To further reduce carry-over into the vacuum port, a splash shield 110 (shown best in
As seen best in
The spider-like element 126 includes four downwardly depending tabs 126 a, the lower edges 127 of which, are secured to the plate 122 as by welding or other bonding methods. As seen best in
As a result of the circuitous path defined by the baffle 120, fluctuations in flow conditions in the inlet 12 a do not produce sudden and abrupt fluid level changes in the hopper 20. The baffle 120 acts to dampen sudden and temporary inflows of fluid from the inlet 12 a into the hopper 20. The baffle 120 also reduces turbulence in the hopper 20, which is generally caused by variations in the flow conditions at the inlet 12 a. The reduction in hopper turbulence reduces splashing within the hopper that otherwise could result in carryover into the vacuum system.
Although the invention has been described with a certain degree of particularity it should be understood that those skilled in the art can make various changes to it without departing from the spirit or scope of the invention as hereinafter claimed.
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|1||"Pump Priming by Applied Vacuum", article from World Pumps, authored by A. Tynan, T Eng (CEI) MIMech TE, Dec. 1983.|
|2||"Self-Priming Equipment" operating instructions for 2'' automatic priming pump from Sykes Univac, Henry Sykes Limited, London, Ontario Canada.|
|Citing Patent||Filing date||Publication date||Applicant||Title|
|US8075282 *||Feb 27, 2009||Dec 13, 2011||Deere & Company||Sprayer pump primed by using venturi|
|US8434646 *||Sep 15, 2009||May 7, 2013||Everpure, Llc||Mixed beverage dispense system and method|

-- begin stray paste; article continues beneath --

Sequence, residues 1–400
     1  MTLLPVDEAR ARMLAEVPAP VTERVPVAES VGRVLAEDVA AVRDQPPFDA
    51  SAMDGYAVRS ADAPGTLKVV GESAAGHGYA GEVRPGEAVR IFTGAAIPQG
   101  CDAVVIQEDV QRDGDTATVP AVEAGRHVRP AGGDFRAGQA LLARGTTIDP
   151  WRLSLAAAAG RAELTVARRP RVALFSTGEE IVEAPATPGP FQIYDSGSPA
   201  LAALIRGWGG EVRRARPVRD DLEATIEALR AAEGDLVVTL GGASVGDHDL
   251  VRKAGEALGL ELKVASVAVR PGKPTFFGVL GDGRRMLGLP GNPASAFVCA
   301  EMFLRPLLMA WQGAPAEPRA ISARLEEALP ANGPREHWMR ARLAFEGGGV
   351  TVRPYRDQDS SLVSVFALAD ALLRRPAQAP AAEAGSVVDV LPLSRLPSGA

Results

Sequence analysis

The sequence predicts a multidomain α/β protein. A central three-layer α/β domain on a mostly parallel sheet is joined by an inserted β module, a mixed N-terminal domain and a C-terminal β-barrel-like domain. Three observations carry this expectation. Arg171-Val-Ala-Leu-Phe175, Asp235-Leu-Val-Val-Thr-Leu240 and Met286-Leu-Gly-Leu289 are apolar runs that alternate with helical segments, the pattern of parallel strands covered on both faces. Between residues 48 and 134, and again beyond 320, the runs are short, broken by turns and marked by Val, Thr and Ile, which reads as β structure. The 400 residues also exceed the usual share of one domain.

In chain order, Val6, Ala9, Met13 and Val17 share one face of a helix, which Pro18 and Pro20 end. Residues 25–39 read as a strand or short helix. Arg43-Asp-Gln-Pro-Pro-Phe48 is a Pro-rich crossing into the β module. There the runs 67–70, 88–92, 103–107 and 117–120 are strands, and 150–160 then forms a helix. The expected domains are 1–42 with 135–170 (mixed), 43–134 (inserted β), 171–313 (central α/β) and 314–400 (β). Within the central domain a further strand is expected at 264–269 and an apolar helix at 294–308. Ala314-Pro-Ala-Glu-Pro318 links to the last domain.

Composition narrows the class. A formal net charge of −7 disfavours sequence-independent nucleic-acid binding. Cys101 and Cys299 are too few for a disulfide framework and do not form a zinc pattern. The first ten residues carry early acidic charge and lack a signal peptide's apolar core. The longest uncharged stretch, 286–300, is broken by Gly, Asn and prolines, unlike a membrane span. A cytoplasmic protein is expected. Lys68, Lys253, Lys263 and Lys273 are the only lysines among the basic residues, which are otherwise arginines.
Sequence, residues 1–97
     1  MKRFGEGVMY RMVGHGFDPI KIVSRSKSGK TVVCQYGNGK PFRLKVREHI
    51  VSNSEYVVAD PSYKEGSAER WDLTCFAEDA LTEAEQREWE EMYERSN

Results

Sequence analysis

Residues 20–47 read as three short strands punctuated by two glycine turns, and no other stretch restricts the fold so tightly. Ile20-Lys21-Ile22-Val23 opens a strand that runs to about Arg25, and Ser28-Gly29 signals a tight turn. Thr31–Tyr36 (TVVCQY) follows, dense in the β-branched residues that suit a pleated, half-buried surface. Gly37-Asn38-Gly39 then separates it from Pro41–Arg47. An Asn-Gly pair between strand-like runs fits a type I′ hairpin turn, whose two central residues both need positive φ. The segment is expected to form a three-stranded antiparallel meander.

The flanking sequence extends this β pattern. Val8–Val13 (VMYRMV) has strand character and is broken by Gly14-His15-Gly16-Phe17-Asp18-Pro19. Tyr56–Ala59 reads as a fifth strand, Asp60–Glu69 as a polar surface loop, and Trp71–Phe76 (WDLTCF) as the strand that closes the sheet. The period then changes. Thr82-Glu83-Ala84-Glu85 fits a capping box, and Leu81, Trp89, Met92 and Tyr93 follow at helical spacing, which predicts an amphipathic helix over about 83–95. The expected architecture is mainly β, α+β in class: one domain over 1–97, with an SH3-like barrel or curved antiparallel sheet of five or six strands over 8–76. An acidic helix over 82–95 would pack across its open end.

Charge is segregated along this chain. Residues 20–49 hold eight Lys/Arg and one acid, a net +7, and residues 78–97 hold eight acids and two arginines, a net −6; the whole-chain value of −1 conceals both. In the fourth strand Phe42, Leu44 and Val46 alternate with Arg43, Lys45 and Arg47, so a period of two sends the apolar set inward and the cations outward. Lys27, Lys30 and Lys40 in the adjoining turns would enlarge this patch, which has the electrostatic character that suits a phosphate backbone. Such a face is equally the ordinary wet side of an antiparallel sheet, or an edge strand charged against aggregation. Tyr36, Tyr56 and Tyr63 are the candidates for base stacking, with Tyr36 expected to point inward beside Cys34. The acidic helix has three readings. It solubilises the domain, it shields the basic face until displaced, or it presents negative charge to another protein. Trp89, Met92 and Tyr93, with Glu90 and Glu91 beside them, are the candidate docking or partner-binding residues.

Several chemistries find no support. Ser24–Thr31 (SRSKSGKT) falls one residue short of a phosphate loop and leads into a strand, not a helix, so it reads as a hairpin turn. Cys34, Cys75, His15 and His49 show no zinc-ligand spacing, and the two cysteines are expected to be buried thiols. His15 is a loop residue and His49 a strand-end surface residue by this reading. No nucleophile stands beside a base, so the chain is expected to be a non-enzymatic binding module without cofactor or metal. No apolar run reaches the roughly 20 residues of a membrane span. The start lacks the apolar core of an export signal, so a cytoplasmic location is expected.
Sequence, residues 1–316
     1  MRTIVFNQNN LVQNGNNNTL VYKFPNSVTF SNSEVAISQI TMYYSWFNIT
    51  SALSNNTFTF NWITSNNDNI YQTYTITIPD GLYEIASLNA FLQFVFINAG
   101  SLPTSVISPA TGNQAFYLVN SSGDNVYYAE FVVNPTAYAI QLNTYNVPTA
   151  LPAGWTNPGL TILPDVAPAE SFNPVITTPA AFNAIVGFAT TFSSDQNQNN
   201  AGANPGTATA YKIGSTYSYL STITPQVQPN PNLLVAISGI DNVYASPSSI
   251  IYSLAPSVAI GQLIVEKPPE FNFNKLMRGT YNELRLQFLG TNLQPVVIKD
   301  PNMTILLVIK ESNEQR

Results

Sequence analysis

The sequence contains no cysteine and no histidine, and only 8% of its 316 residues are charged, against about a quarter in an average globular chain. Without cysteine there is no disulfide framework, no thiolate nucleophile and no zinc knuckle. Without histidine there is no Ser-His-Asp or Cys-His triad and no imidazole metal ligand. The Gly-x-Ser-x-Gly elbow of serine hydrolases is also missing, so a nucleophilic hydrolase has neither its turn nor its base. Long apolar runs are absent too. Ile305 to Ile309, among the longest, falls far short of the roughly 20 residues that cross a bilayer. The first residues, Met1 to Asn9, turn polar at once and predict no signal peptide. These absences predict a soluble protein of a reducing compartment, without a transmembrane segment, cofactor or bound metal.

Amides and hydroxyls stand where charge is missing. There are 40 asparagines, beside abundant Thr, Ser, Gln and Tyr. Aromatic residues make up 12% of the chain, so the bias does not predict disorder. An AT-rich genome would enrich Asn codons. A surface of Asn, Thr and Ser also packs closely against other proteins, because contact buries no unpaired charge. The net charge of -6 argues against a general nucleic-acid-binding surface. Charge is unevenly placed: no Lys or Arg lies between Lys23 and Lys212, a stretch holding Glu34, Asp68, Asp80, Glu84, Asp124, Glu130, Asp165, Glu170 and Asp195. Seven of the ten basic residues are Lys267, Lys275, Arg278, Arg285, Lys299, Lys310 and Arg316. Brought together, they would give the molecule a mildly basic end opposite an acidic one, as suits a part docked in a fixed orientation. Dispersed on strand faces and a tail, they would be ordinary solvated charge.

|US8739722 *||May 19, 2010||Jun 3, 2014||Gva Consultants Ab||Tank arrangement adapted for a submersible pump|
|US9175686 *||Aug 30, 2012||Nov 3, 2015||Waterous Company||Priming valve system for pre-priming centrifugal pump intakes|
|US9200718||Jan 29, 2013||Dec 1, 2015||Mueller International, Llc||Air valve seat|
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|US20100308078 *||Sep 15, 2009||Dec 9, 2010||Michael Saveliev||Mixed Beverage Dispense System and Method|
|US20110126749 *||May 19, 2010||Jun 2, 2011||Gva Consultants Ab||Tank arrangement adapted for a submersible pump|
|US20130058757 *||Aug 30, 2012||Mar 7, 2013||Waterous Company||Priming valve system for pre-priming centrifugal pump intakes|
|CN103827501A *||Aug 30, 2012||May 28, 2014||沃特劳斯公司||Priming valve system for pre-priming centrifugal pump intakes|
|CN103827501B *||Aug 30, 2012||Sep 7, 2016||瓦特尔斯||用于预起动离心泵吸入口的起动阀系统|
|U.S. Classification||137/202, 137/411, 137/422, 137/448, 137/630.19, 417/200, 137/198|
|International Classification||F04F3/00, F04B23/08, F04D9/04, F16K11/14, F16K33/00, F16K27/00|
|Cooperative Classification||F16K11/14, Y10T137/7365, F16K27/003, Y10T137/74, Y10T137/3099, Y10T137/3087, Y10T137/7485, Y10T137/87016|
|European Classification||F16K27/00B, F16K11/14|
|Nov 15, 2004||AS||Assignment|
Owner name: GORMAN-RUPP COMPANY, THE, OHIO
Free format text: ASSIGNMENT OF ASSIGNORS INTEREST;ASSIGNOR:SCOTT, THOMAS M.;REEL/FRAME:015989/0693
Effective date: 20041108
|Aug 26, 2011||FPAY||Fee payment|
Year of fee payment: 4
|Oct 9, 2015||REMI||Maintenance fee reminder mailed|
|Feb 26, 2016||LAPS||Lapse for failure to pay maintenance fees|
|Apr 19, 2016||FP||Expired due to failure to pay maintenance fee|
Effective date: 20160226